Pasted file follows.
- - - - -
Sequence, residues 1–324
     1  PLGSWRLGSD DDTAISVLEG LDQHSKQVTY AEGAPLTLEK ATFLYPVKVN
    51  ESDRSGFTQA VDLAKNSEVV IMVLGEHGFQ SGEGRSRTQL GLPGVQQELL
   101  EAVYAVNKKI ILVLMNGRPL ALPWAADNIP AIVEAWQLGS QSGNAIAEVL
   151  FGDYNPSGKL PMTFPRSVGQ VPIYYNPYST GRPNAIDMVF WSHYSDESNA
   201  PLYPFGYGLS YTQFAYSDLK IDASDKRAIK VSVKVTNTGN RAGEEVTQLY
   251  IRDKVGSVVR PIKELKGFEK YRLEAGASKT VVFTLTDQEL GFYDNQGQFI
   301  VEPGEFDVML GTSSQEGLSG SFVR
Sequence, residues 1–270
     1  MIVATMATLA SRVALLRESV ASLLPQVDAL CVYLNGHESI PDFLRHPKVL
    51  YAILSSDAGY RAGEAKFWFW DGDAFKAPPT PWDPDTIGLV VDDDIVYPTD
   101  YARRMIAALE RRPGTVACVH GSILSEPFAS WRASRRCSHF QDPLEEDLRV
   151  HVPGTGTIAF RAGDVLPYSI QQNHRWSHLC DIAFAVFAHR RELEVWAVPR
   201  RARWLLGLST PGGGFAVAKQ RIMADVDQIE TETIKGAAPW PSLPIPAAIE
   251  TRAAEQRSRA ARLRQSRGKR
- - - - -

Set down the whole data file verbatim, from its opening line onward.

Sequence, residues 1–324
     1  PLGSWRLGSD DDTAISVLEG LDQHSKQVTY AEGAPLTLEK ATFLYPVKVN
    51  ESDRSGFTQA VDLAKNSEVV IMVLGEHGFQ SGEGRSRTQL GLPGVQQELL
   101  EAVYAVNKKI ILVLMNGRPL ALPWAADNIP AIVEAWQLGS QSGNAIAEVL
   151  FGDYNPSGKL PMTFPRSVGQ VPIYYNPYST GRPNAIDMVF WSHYSDESNA
   201  PLYPFGYGLS YTQFAYSDLK IDASDKRAIK VSVKVTNTGN RAGEEVTQLY
   251  IRDKVGSVVR PIKELKGFEK YRLEAGASKT VVFTLTDQEL GFYDNQGQFI
   301  VEPGEFDVML GTSSQEGLSG SFVR
Sequence, residues 1–270
     1  MIVATMATLA SRVALLRESV ASLLPQVDAL CVYLNGHESI PDFLRHPKVL
    51  YAILSSDAGY RAGEAKFWFW DGDAFKAPPT PWDPDTIGLV VDDDIVYPTD
   101  YARRMIAALE RRPGTVACVH GSILSEPFAS WRASRRCSHF QDPLEEDLRV
   151  HVPGTGTIAF RAGDVLPYSI QQNHRWSHLC DIAFAVFAHR RELEVWAVPR
   201  RARWLLGLST PGGGFAVAKQ RIMADVDQIE TETIKGAAPW PSLPIPAAIE
   251  TRAAEQRSRA ARLRQSRGKR